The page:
Math 224B - Mathematical Methods for the Physical Sciences

Instructor: Jon Wilkening

Lectures: MWF 10:10-11:00, Room 81 Evans

Office: 1051 Evans

Office Hours: Mon 11:10-11:55, Wed 2:15-3:30

Prerequisites: Undergraduate Analysis (104), Complex Analysis (185), and Linear Algebra (110). (224A is not a prerequisite.)

Required Text: I will post excerpts from the following books and papers on bCourses.

Recommended Reading:
1. G. B. Whitham, Linear and Nonlinear Waves
2. Novikov, Manakov, Pitaevskii, Zakharov, Theory of Solitons, The Inverse Scattering Method
3. G. B. Folland, Partial Differential Equations
4. R. Kress, Linear Integral Equations
5. R. S. Johnson, A Modern Introduction to the Mathematical Theory of Water Waves
6. Dyachenko, Kuznetsov, Spector, Zakharov, Analytic description of the free surface dynamics of an ideal fluid, Phys. Lett. A, 221:73-79, 1996.
7. L. C. Evans Partial Differential Equations
8. D. Braess, Finite Elements: Theory, Fast Solvers, and Applications in Solid Mechanics
9. Robert Richtmyer, Principles of Advanced Mathematical Physics, Volume I
10. F. Otto, The Geometry of Dissipative Evolution Equations: the Porous Medium Equation , Comm. Partial Diff. Eq., 26, 101-174, (2001).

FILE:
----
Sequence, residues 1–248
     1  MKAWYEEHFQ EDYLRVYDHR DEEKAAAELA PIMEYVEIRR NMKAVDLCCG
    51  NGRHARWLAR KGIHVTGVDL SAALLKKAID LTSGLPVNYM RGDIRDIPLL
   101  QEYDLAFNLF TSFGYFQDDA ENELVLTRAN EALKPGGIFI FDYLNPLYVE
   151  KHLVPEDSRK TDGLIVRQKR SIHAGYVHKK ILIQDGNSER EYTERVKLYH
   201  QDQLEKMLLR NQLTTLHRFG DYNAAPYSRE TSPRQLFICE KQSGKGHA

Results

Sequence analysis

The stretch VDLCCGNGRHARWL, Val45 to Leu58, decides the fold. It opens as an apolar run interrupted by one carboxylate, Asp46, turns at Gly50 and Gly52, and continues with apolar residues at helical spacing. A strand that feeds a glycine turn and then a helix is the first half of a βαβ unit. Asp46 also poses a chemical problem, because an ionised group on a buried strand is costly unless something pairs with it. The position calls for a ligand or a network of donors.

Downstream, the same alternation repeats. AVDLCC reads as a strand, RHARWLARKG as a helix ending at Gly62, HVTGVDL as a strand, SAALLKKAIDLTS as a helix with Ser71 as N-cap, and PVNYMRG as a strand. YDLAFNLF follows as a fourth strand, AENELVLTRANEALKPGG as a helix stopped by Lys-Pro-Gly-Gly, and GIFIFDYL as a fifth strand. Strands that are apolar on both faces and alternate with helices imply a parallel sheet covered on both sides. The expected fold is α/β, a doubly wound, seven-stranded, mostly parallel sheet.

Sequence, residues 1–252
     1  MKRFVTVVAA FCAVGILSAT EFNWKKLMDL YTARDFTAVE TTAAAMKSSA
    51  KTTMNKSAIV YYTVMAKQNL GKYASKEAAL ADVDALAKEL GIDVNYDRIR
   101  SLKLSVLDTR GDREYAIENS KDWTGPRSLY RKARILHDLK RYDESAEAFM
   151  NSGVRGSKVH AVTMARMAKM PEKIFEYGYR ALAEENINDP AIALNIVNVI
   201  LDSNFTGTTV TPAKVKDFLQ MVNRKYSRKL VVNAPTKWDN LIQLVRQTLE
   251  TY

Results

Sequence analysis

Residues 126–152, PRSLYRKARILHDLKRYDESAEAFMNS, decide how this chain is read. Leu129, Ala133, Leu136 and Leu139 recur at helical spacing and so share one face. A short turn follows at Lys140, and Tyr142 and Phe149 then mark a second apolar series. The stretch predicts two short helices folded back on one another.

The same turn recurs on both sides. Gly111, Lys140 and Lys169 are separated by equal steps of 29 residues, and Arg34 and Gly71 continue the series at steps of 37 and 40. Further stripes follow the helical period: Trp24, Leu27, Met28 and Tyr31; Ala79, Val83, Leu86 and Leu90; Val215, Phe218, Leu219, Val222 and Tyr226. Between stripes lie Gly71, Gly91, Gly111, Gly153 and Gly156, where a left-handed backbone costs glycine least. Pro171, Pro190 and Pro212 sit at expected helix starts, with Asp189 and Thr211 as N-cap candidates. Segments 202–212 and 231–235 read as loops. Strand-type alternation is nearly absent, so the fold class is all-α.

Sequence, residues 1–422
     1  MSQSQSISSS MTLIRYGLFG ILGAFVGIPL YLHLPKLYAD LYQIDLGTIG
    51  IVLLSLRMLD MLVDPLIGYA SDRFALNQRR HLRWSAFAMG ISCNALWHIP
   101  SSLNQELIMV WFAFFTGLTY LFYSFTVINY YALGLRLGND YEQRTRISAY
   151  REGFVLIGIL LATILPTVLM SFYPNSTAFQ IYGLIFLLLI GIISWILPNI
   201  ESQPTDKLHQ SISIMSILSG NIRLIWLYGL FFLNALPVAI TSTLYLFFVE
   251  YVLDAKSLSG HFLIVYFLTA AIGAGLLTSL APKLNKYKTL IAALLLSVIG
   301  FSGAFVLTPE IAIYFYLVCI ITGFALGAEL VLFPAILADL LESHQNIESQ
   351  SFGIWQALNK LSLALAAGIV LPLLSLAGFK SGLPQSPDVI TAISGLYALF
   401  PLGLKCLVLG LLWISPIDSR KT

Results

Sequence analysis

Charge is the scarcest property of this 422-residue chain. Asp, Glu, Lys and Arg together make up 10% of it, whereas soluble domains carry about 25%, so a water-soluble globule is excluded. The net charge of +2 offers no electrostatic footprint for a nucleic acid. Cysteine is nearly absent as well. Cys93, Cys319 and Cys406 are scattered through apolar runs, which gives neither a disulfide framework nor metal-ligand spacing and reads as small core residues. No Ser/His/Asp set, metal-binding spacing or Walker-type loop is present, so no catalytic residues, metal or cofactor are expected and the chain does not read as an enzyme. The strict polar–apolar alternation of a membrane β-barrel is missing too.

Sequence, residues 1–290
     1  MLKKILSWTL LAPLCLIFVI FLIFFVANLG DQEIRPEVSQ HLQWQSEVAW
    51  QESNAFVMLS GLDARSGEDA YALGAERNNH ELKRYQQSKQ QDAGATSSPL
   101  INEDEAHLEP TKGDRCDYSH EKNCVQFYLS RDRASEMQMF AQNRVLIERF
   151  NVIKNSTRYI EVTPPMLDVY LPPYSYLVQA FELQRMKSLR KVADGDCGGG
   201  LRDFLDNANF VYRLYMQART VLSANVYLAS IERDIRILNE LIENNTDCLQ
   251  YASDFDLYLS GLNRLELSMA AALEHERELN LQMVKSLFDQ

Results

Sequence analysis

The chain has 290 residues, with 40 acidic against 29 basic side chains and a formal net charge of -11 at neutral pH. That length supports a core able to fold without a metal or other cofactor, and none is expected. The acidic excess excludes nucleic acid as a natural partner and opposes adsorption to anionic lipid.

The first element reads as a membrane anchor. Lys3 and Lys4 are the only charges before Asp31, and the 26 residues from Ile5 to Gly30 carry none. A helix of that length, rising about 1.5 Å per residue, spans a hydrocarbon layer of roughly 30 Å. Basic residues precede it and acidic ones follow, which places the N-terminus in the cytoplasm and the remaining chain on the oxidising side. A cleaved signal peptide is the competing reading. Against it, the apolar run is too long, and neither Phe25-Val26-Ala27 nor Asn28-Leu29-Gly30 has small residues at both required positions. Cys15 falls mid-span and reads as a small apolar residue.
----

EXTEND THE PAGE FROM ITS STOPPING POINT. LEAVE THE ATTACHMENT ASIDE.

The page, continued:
11. F. W. J. Olver, Asymptotics and Special Functions
12. C. Bender and S. Orszag, Advanced Mathematical Methods for Scientists and Engineers
13. Kozlov, Maz'ya, Rossmann, Elliptic Boundary Value Problems in Domains with Point Singularities
14. Kevorkian and Cole, Multiple Scale and Singular Perturbation Methods
15. J. Neu, Singular Perturbation Theory (unpublished notes)

Syllabus: The course will survey basic theory and practical methods for solving the fundamental problems of mathematical physics. It is intended for graduate students in applied mathematics, physics, engineering or other mathematical sciences. The overall purpose of the course will be to develop non-numerical tools for understanding and approximating solutions of differential equations. A rough outline for 224B is:

Course Material: I will post handouts, assignments and solutions on bCourses. Please e-mail me if you do not have access to the bCourses page.

Grading: 100% Homework.

Homework: 6-7 assignments, due roughly every two weeks.

Comments: The lowest homework score will be dropped.